What is an omnichannel platform?
Omnichannel in payments is just a fancy way of saying your business accepts payments across multiple channels. A SaaS platform that takes in-person payments (card-present) and online payments (card-not-present) is an omnichannel platform.
Having multiple ways to pay helps you build better experiences for your customers. Why? Because they can pick the payment method that works best for them. Providing more payment options also opens up more revenue opportunities for your business.
How Finix differs from other providers
Finix is known for its developer-friendly payments API and simple, all-inclusive integration for online and in-person payments. While there are other payment providers (like Stripe) that also have single integration options, they don’t have the payment terminal selection that Finix does.
This means you’re locked into only using the provider’s proprietary payment terminals (typically from one manufacturer), which may not be the best choice for your business.
The importance of payment terminal optionality
This is where “the more the merrier” makes sense. Reason being—there’s no one-size-fits-all when it comes to what hardware and software work best for businesses. Each industry and business model have different needs.
Finix provides an array of choices for in-person payments terminals. This way, you can pick the technology that best matches your current configurations and budget. We're also able to cycle in newer terminals as technology evolves. You'll always have terminals to suit your needs.
Just like with online payments, we do most of the heavy lifting so you can focus on your main product. We provide hardware and software support. We also ship pre-certified, ready-to-use payment terminals for sandbox and production directly to you from our distribution center.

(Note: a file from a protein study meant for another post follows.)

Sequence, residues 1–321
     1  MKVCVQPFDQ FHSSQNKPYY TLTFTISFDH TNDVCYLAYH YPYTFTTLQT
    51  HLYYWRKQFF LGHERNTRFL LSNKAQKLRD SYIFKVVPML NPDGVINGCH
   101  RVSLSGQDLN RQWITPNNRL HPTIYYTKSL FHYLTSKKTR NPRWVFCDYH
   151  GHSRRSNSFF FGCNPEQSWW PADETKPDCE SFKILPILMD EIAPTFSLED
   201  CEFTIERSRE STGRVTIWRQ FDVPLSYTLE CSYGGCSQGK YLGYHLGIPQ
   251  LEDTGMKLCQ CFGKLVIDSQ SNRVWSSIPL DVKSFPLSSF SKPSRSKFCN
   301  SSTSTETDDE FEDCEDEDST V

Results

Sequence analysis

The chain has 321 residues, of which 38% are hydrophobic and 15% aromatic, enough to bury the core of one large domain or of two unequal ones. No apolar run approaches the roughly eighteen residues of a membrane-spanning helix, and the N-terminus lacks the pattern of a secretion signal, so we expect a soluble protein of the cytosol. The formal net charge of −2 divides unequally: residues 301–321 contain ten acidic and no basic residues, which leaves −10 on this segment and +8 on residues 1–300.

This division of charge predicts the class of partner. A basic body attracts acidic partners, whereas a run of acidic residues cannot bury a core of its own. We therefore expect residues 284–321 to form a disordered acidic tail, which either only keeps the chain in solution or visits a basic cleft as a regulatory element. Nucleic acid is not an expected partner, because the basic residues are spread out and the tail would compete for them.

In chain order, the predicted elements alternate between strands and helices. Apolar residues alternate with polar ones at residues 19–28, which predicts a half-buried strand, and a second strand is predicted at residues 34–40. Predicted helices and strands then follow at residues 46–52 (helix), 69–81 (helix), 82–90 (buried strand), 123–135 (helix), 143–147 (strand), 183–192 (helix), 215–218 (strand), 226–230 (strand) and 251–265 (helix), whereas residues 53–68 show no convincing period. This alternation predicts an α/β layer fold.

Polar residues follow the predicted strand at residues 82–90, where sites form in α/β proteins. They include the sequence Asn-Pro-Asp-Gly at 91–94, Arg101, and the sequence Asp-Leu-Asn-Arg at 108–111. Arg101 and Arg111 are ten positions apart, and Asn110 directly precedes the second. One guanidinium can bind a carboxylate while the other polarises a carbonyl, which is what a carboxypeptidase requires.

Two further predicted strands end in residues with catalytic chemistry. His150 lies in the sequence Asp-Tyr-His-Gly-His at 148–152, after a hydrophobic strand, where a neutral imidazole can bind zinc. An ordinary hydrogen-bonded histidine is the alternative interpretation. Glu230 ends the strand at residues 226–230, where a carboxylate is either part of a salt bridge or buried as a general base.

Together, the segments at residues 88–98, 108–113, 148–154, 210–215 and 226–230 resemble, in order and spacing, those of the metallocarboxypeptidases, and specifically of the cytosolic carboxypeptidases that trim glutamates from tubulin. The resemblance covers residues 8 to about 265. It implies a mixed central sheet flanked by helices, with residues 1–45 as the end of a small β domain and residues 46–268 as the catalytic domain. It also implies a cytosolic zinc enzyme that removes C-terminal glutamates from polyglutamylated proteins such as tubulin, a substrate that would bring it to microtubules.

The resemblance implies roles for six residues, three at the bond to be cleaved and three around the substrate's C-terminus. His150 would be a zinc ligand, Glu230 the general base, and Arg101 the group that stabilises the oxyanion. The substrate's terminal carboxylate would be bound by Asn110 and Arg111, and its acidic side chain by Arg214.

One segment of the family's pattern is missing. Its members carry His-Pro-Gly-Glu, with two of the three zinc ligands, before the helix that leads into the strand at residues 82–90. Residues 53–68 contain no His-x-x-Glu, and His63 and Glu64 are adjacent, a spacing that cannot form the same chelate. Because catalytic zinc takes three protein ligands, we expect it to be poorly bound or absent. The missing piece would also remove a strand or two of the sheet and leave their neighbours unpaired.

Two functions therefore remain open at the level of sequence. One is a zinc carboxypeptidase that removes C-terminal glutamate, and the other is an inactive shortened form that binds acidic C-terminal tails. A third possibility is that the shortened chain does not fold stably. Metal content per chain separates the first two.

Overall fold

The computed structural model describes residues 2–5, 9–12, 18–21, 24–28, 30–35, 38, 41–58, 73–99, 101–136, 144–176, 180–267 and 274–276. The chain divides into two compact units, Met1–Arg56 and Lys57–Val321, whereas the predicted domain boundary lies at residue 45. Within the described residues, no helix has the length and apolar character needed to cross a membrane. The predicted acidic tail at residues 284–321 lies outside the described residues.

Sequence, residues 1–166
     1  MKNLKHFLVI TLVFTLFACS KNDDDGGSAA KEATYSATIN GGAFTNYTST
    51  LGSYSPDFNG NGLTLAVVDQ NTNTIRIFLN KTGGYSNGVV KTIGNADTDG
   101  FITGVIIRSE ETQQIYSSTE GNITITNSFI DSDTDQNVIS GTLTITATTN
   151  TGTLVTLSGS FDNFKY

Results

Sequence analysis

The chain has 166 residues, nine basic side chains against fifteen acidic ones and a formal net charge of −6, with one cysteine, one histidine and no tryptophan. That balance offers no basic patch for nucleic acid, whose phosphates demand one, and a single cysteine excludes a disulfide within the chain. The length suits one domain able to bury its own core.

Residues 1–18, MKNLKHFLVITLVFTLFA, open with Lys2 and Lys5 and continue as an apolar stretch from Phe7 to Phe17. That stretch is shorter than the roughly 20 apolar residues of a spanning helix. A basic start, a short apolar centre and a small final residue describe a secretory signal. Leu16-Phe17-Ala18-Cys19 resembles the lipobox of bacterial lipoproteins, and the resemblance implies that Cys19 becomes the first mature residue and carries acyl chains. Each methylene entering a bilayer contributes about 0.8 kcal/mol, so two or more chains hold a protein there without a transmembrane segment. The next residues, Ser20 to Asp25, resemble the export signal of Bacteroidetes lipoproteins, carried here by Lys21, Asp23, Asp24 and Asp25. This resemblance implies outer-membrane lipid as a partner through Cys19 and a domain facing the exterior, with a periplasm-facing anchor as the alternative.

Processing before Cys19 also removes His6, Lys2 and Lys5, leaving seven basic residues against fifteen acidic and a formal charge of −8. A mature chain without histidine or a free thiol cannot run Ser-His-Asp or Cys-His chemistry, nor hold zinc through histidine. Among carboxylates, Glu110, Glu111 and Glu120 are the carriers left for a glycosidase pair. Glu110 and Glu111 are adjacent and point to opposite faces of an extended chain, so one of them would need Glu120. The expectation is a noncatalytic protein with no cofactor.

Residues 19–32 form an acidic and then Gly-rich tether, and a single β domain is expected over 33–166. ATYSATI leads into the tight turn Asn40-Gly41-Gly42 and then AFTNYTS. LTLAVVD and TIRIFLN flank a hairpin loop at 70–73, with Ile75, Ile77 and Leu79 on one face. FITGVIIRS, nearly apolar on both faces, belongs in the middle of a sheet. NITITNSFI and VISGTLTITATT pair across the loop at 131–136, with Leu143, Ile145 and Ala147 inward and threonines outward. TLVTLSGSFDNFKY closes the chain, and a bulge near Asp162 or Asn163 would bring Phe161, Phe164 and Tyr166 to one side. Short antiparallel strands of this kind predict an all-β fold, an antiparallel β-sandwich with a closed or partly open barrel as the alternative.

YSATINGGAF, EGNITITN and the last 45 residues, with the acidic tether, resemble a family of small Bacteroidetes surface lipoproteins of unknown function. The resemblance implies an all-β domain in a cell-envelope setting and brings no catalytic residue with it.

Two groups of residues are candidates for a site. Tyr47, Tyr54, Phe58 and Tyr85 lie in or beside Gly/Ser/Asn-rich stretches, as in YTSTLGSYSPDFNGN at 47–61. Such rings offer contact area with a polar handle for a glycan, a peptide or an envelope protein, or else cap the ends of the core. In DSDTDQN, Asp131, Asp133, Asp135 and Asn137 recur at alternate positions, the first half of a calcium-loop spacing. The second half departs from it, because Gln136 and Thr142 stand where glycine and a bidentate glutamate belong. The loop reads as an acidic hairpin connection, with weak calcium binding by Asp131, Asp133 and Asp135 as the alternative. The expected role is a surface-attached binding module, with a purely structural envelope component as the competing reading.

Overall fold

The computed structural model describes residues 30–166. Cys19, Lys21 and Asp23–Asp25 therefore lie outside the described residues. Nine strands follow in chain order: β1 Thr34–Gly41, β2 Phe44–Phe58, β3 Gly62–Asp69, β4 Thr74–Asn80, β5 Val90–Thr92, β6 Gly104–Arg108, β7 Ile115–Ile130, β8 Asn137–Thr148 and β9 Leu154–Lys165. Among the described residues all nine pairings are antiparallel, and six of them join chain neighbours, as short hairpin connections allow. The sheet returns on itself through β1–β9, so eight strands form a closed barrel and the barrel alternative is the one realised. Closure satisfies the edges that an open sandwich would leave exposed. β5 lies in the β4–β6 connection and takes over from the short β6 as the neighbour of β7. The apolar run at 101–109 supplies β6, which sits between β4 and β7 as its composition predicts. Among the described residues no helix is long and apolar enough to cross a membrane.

What is an API?
For the non-techies out there, API is short for Application Programming Interface. An API allows software applications and devices to communicate with one another.
Think of it as a means of independent collaboration for machines. No human interaction required—outside of building and integrating them, of course. They can’t build themselves…yet… (○﹏○)
What is an API integration?
An API integration is simply a connection between two or more applications. This connection allows the exchange of information between two software applications so that they can perform predefined actions and tasks.
How payments APIs work
Here’s a simple example of how APIs work in the world of payments:
Say you’re a SaaS company that provides appointment booking, inventory management, and payroll management for hair salons. To increase earnings and scale your business, you also decided to start processing in-person and online payments for your customers by integrating with a payments provider like Finix.
Once the platforms are linked via APIs, when a customer initiates a payment, data is transferred from your platform (e.g. a tokenized credit card number) to ours. Finix then begins authorization and capture. If you could visualize it, it would look something like this:
Why one API integration is better than multiple integrations in the payments world
If your SaaS company already has payments integrated, it’s using an API, and likely more than one to get the job done. This is common and necessary as APIs are what let different software services communicate.
Regarding payments, however, there are a few reasons why using one integration for online and in-person payments is better for omnichannel platforms:
Reduced initial costs and development time
Easier integration and maintenance
Simpler reconciliation of transactions across payment channels
1) Reduced initial costs and development time